Nakul Krishna

Carnivorous New Flowers

The Book of Chocolate Saints

By

Faber & Faber 496pp £17.99 order from our bookshop

One starts reading Jeet Thayil’s The Book of Chocolate Saints expecting a dark but still essentially comic roman à clef covering sixty or so years of Indian literary and artistic history. There seem to be helpful hints for readers in the know to match character with model (or, more often, models). But the central figure, Newton Francis Xavier, is a more complex case: not simply a thinly disguised alloy of the writer Dom Moraes and the artist Francis Newton Souza, though he seems to have done many of the things they did. It is made clear – not least by the appearance of Moraes and Souza themselves in the novel – that this is not just biography by other means.

Sign Up to our newsletter

Receive free articles, highlights from the archive, news, details of prizes, and much more.

Follow Literary Review on Twitter

  • Last Tweets

    • 'It would be nice to think that women will achieve equal pay in my lifetime, rather than to watch gloomily as stati… ,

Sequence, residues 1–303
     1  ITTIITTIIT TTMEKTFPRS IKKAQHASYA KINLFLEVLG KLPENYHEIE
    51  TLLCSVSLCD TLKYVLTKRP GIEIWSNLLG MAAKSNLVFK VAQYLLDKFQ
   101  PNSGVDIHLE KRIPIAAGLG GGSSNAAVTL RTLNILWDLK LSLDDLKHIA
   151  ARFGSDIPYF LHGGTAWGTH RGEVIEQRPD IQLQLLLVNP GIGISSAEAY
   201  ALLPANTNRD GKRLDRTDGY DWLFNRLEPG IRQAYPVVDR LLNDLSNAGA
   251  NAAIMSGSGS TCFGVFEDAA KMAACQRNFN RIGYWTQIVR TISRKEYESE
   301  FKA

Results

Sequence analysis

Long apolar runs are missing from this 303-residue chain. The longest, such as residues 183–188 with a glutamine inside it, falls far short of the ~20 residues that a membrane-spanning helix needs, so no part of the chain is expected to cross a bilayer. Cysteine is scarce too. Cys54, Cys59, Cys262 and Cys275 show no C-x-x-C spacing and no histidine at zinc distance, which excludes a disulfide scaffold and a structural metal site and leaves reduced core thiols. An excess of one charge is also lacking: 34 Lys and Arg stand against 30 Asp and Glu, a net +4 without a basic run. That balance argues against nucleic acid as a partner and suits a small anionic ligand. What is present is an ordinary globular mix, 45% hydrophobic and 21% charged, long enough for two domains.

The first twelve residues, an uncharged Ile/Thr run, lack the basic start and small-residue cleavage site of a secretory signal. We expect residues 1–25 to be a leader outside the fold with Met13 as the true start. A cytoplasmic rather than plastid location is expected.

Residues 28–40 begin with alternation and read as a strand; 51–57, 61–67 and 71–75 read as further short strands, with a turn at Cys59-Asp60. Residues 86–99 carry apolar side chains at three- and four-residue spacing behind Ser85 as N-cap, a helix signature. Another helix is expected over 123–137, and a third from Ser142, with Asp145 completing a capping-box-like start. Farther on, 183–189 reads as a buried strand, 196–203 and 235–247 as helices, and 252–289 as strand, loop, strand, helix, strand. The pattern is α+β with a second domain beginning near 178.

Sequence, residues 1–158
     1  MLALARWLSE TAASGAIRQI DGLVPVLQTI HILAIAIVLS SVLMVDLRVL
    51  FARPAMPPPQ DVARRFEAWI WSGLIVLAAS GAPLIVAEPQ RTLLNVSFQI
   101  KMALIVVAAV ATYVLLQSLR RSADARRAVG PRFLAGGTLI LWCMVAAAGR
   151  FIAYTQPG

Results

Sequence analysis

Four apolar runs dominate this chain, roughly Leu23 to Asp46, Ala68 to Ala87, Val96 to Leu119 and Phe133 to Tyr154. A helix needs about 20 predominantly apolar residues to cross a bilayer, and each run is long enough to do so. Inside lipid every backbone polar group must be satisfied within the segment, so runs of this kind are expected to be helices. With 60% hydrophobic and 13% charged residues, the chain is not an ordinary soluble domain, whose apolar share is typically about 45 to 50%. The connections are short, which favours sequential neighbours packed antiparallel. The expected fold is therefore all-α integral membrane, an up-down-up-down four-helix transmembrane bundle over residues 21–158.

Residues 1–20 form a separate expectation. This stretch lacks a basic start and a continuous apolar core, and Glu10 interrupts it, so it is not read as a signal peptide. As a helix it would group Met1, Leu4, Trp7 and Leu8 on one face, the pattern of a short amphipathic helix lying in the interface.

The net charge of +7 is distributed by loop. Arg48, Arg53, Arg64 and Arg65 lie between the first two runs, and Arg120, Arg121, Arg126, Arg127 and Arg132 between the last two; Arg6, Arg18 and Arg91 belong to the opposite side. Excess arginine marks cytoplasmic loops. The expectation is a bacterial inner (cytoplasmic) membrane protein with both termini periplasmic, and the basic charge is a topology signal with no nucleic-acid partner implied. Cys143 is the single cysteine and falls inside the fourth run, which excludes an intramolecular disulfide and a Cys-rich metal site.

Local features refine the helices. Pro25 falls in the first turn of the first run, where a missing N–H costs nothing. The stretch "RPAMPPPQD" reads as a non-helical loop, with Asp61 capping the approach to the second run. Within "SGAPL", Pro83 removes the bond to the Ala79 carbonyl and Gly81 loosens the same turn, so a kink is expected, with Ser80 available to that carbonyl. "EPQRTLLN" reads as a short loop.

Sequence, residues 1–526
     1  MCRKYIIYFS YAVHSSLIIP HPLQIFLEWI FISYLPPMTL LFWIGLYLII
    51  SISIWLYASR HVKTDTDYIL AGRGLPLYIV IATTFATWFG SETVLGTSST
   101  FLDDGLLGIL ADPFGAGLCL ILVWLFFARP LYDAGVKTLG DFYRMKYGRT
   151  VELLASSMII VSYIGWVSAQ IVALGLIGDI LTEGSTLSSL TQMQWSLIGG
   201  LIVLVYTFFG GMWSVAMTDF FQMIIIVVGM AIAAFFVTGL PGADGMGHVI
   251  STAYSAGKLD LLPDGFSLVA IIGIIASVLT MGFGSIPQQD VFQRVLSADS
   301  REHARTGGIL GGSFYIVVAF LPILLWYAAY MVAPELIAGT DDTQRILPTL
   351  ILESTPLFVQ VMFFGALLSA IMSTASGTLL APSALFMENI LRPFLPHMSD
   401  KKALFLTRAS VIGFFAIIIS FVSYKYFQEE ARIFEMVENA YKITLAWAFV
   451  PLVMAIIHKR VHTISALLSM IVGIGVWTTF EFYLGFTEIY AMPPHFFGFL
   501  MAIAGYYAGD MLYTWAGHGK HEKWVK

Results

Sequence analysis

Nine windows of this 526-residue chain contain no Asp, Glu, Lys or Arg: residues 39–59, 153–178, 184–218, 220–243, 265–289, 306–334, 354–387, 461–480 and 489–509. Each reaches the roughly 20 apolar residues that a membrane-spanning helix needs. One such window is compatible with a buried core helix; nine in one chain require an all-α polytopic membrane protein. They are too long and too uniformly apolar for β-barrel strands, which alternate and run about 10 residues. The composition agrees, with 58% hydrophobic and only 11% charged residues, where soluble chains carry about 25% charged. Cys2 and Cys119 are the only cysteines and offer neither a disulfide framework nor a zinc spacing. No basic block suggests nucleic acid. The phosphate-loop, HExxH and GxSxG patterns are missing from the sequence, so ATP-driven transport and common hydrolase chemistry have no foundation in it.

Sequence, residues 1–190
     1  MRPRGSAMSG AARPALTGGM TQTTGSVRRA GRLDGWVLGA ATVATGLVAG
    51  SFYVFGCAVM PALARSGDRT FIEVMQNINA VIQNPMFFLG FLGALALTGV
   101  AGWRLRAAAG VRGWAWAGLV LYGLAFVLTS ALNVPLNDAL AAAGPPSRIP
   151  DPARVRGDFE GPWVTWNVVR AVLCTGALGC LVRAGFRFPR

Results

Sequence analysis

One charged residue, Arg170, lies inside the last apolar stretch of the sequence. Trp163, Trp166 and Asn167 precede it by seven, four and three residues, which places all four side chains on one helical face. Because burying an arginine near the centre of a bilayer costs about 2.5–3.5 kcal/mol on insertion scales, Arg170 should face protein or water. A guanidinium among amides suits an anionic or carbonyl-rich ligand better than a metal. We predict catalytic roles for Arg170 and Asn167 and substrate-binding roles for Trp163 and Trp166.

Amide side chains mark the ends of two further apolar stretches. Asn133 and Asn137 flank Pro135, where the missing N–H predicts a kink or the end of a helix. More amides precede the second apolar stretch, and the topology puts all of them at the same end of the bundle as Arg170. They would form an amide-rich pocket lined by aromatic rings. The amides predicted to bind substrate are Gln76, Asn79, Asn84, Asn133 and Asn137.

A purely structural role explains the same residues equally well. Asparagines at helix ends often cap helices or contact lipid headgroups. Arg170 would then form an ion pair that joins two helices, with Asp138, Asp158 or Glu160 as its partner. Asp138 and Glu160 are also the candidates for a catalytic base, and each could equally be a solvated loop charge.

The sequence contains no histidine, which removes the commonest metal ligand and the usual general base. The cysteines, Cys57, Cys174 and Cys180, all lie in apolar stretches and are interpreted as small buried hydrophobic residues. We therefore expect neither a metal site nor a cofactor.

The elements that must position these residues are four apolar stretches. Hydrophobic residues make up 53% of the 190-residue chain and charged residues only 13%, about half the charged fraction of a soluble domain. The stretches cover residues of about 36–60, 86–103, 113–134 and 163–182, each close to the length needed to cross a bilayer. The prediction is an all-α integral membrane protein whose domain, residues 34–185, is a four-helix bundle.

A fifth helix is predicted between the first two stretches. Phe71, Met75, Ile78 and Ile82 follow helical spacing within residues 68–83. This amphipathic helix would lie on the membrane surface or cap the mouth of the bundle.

• In 1660, two of the signatories of King Charles I's death warrant fled across the Atlantic to New England. But were… ,
    • Howard Jacobson's sixteenth novel is 'a love story of sorts, one characterised not by physical desire or even conta… ,
    • 'The sudden immersion in the new and unfamiliar can lead people to write with a rare lack of self-consciousness' P… ,
    • 'Pools bend the rules. Clothes slip off, skin glistens, consciousness heightens. A dreamlike scenario unfolds' Jam… ,
    • 'Although he surely didn’t know W H Auden’s theory that every high C proclaims human freedom and our capacity to tr… ,
    • RT : With beginning tomorrow, we've uncovered a 1997 article from the archive reviewing 'Golf Dream… ,